Journal of Gerontological Nursing

BOOKS 

Nursing Care of the Older Adult

Diane L Myers, MS, RN, C

Abstract

Nursing Care of the Older Adult, 2nd ed. Hogstel MO (Ed), New York, John Wiley and Sons, 1988, 566 pages, softcover.

In the dynamic field of gerontological nursing, this second edition of a gerontological text reflects the changes and growth of the knowledge base in updated and expanded chapters and the addition of new chapters. One of its outstanding features is its attention to nursing interventions for the older adult in such specialized settings as hospital, emergency, perioperative, critical, and home care - areas not typically addressed as thoroughly in other texts. Especially beneficial is the section on external resources, which includes chapters on both community and governmental resources that provide practical information to aid the gerontological nurse in the role of patient advocate.

Another of its strengths is its coverage of mental health problems in older adults. Particularly well-covered are the issues of depression, loneliness, and character and psychosexual disorders. The area of dementia is covered less thoroughly. A number of assessment tools are included throughout the book that readers are encouraged to use and evaluate. The editor's concluding comments raise salient questions for further research and publication.

Each chapter contains a well-organized narrative, and the use of tables and figures is not excessive. Study questions at the end of each chapter guide readers through a content review. Reference and bibliography lists that follow the study questions are both current and extensive.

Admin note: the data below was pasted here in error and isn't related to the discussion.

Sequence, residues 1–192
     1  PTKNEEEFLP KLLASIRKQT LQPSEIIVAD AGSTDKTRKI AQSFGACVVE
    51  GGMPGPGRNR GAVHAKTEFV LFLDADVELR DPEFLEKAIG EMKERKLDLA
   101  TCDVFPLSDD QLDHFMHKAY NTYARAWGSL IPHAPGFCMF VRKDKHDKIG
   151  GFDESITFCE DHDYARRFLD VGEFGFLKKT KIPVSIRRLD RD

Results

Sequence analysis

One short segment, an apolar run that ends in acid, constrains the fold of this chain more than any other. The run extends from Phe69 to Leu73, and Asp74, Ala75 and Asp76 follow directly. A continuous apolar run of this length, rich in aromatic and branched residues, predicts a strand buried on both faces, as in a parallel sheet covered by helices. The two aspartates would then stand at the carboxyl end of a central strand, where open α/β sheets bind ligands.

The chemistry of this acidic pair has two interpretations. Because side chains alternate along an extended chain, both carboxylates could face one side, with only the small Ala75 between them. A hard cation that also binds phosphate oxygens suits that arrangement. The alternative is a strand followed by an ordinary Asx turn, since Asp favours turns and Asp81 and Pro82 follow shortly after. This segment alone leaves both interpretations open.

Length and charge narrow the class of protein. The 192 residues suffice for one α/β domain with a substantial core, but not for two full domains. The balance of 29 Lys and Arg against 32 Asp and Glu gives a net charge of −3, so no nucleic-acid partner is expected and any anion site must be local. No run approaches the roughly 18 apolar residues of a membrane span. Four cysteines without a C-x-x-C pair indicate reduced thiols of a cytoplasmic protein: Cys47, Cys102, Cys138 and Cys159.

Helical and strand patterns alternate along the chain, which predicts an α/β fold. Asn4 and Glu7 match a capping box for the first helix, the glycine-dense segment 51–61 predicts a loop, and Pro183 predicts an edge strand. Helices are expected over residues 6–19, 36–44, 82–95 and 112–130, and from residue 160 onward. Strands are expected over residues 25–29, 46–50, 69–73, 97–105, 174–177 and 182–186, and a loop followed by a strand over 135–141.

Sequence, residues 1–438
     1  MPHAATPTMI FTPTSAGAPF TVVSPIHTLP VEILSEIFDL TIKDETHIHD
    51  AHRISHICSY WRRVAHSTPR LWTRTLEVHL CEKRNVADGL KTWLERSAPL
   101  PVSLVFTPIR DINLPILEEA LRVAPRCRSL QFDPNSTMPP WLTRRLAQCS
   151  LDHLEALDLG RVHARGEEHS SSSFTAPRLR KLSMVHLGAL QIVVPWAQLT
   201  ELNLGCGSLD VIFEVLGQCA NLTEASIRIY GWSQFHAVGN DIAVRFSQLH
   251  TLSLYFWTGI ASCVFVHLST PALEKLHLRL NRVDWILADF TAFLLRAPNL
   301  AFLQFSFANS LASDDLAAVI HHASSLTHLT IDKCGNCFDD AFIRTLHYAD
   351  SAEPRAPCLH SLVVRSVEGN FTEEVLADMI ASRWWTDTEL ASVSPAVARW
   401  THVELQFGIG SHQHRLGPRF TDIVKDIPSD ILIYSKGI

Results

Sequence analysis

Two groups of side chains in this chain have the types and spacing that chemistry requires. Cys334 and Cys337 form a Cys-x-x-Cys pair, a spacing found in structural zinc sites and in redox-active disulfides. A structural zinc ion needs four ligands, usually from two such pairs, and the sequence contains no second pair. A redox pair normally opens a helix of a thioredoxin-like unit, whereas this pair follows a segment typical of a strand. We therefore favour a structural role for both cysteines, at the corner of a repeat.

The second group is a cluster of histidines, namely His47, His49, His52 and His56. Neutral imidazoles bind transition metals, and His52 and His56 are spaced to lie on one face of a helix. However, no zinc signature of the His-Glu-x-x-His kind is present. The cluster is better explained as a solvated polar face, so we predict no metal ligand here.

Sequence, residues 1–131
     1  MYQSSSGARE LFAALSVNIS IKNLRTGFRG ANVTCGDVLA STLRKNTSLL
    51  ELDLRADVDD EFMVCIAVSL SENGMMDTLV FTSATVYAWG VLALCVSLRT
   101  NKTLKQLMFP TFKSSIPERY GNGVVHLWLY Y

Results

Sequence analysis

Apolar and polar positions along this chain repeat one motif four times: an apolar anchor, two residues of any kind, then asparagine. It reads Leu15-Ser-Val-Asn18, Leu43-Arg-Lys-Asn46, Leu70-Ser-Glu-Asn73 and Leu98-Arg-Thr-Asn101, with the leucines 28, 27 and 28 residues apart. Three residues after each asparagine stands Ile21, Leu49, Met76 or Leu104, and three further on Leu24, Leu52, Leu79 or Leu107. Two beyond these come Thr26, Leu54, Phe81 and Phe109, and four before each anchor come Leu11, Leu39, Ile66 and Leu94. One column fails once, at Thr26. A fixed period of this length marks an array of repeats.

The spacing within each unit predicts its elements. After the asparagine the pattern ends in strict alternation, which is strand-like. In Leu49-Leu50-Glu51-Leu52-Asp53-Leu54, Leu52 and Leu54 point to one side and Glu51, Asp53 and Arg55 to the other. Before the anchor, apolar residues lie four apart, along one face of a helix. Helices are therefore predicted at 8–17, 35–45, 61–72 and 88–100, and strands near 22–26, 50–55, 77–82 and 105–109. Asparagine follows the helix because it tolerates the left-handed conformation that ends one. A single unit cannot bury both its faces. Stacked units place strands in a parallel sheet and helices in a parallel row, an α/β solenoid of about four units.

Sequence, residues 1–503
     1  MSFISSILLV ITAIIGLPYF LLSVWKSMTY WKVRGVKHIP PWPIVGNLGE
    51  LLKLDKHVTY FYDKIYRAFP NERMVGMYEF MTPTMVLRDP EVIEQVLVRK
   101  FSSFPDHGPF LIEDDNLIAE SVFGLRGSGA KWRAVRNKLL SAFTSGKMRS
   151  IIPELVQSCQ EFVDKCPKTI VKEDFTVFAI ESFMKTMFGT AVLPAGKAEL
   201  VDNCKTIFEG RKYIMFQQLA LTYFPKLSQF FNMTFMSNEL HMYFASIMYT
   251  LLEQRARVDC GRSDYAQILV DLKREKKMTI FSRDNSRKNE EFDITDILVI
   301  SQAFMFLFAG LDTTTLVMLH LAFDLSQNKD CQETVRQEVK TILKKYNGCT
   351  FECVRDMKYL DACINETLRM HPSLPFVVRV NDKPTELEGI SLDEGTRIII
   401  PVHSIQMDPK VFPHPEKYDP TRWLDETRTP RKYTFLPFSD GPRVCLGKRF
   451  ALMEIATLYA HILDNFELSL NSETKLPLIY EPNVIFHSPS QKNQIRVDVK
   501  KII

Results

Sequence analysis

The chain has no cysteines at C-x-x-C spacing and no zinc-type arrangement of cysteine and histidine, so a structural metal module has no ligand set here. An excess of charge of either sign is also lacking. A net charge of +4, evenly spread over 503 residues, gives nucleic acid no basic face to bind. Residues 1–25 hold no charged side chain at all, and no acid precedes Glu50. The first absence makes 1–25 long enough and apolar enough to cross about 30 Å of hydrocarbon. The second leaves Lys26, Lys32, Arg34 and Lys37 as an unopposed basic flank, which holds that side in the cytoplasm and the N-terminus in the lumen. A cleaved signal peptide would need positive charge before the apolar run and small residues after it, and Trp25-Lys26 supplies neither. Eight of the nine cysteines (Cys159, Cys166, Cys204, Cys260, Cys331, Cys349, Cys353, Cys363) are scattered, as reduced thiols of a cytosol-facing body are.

Although the text is purported to be useful for undergraduate and graduate gerontological nursing students, as well as for practicing nurses in various settings and roles, perhaps it will be most beneficial to graduate nurses specializing in gerontology and to practicing gerontological nurses. Although the basic topics of age-related developmental, physiological, and psychological changes along with general nursing assessments and interventions are adequately addressed, the book's greatest strength lies in its exceptional attention to the more extensive issues of advanced gerontological nursing practice.…

Nursing Care of the Older Adult, 2nd ed. Hogstel MO (Ed), New York, John Wiley and Sons, 1988, 566 pages, softcover.

In the dynamic field of gerontological nursing, this second edition of a gerontological text reflects the changes and growth of the knowledge base in updated and expanded chapters and the addition of new chapters. One of its outstanding features is its attention to nursing interventions for the older adult in such specialized settings as hospital, emergency, perioperative, critical, and home care - areas not typically addressed as thoroughly in other texts. Especially beneficial is the section on external resources, which includes chapters on both community and governmental resources that provide practical information to aid the gerontological nurse in the role of patient advocate.

Another of its strengths is its coverage of mental health problems in older adults. Particularly well-covered are the issues of depression, loneliness, and character and psychosexual disorders. The area of dementia is covered less thoroughly. A number of assessment tools are included throughout the book that readers are encouraged to use and evaluate. The editor's concluding comments raise salient questions for further research and publication.

Each chapter contains a well-organized narrative, and the use of tables and figures is not excessive. Study questions at the end of each chapter guide readers through a content review. Reference and bibliography lists that follow the study questions are both current and extensive.

Although the text is purported to be useful for undergraduate and graduate gerontological nursing students, as well as for practicing nurses in various settings and roles, perhaps it will be most beneficial to graduate nurses specializing in gerontology and to practicing gerontological nurses. Although the basic topics of age-related developmental, physiological, and psychological changes along with general nursing assessments and interventions are adequately addressed, the book's greatest strength lies in its exceptional attention to the more extensive issues of advanced gerontological nursing practice.

10.3928/0098-9134-19900601-13

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